Yes, myself I'm a certfied and 100% bonified dumb azz, but I still enjoy reading things smarter people than I have posted, I've found hijacked information comes in handy down the line. .

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                      • #12
                        Originally posted by tackit View Post

                        Oscar can you give an example of where the above mathematics are used? The reason I ask is, I have built so many mechanical things over the years that never required such mathematics, are the above mathematics used for building rockets meant to go into outer space, and for building such things as the common dog house?
                        Many "things" in engineering are a result of working with tensors at a higher level. To solve some 3-D problems in mechanics regarding forces/stresses/motions are a result of what is called "diagonalization" of inertia or stress-energy tensors in order to find appropriate solutions. Many times, when you see the statement "it can be shown that...." means that the higher maths have already been done and the important intermediate result is the only thing shown because that is the concept at hand. In engineering, tensors (which are expressed as matrices) are highly useful since many problems lend themselves to solutions via tensor/matrix mechanics. Obviously you don't need it to build a doghouse, unless the doghouse is quite advanced and the stresses within it do not follow any known engineering principles to analyze it, for which new equations need to be derived to then apply to solve for forces at play.

                        The Lagrangian is "found" everywhere, from an apple falling from a tree (a geodesic trajectory from the viewpoint of Einstein's General Theory of Relativity - aka: gravitation), all the way to the Standard Model that unites all known physics in one equation-of-everything (most of the "forces" of nature). It can be described as a minimizing action, since the universe tends to have/seek minimization in almost all facets of itself. If we want to know the that minimization "path" (to describe the evolution of a system involving kinetic and potential energies) the Lagrangian maths allow for a way to set-up such problems.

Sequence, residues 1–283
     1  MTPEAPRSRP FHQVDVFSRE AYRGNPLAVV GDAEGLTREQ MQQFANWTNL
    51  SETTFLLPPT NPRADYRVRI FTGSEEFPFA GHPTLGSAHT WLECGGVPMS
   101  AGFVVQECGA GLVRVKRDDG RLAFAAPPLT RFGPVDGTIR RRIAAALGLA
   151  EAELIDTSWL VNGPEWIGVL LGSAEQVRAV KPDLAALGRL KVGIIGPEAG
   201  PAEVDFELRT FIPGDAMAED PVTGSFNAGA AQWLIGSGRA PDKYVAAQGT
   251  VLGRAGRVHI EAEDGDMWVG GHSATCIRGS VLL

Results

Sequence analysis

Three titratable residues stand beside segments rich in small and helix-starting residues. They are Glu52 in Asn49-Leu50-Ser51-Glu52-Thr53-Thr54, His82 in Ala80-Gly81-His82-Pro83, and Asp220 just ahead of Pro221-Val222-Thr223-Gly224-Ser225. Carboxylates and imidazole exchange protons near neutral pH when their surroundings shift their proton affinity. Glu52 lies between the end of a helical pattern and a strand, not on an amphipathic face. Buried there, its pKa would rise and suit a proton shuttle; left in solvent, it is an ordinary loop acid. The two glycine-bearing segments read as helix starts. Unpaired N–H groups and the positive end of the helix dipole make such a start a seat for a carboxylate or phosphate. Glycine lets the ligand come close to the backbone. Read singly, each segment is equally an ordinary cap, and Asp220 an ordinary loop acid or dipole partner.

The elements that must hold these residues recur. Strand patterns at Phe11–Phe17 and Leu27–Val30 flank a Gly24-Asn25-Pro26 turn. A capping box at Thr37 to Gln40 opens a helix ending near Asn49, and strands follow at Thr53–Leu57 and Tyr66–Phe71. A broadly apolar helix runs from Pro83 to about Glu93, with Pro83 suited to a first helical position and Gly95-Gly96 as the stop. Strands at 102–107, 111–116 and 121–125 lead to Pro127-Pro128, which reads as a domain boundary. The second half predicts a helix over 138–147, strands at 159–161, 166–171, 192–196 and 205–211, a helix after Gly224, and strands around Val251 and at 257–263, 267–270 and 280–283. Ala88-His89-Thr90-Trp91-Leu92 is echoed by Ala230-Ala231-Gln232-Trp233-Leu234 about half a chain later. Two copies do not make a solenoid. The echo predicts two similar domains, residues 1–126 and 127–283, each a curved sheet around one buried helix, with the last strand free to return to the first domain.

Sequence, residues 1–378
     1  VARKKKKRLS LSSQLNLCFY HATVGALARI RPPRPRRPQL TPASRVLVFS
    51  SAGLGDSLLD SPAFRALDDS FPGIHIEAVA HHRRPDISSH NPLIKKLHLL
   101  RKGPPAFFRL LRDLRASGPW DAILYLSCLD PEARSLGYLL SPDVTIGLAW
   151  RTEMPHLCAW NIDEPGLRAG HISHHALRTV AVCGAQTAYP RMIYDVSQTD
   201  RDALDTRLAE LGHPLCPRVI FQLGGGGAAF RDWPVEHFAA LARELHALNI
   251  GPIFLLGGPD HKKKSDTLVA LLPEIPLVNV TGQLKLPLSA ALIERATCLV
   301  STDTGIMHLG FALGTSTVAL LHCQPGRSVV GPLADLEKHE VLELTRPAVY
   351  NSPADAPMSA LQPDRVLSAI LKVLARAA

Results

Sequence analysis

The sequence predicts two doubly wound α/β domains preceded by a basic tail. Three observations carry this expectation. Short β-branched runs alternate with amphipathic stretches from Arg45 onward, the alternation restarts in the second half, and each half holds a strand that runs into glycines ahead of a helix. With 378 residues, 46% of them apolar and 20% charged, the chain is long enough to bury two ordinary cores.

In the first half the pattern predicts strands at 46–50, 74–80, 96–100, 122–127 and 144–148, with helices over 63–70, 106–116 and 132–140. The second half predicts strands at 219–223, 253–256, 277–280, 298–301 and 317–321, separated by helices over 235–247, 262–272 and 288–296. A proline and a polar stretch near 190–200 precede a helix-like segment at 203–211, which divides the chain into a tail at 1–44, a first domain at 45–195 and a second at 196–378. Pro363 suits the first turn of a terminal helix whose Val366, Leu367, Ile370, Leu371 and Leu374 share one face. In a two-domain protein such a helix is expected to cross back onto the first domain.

HTP Invertig221 D.V. Water-cooled
                        HTP Pro Pulse 300 MIG
                        HTP Pro Pulse 200 MIG x2
                        HTP Pro Pulse 220 MTS
                        HTP Inverarc 200 TLP water cooled
                        HTP Microcut 875SC

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                        • #13
                          Yep, that there fancy engineering math is used in a whole bunch of places.
                          They used it plenty in NY City designing super buildings
                          http://www.slate.com/blogs/the_eye/2...kyscraper.html

                          I bet Oscar can even demonstrate how a bunch of professors and a gaggle of lawyers at Florida International used it to design and "build" a bridge off site, sit it onto Marmot carriers, and park it right over top of a 6 lane road. It worked too, well nobody poked the button for how long will this idea fly, but they did get the bridge into place.

                          Pretty dang amazing what some people with paper from diploma mills like the one Jack Welch bought into can make work on a screen.

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                          • #14
                            I've been able to build some great tools and projects without knowing all that crap. Here's two of my builds. I took piles of steel and built me a couple of beautiful hydraulic presses out of them,,, the 50 ton press was bult 16 years ago and has done it's share of grunting and still doing it's thing without using all that silly math stuff.

                            http://s1298.photobucket.com/user/cy...0Power%20Press


                            https://vimeo.com/manage/351504961/general

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                            • #15
                              Nice press; very nice build sequence pics. Thanks for posting!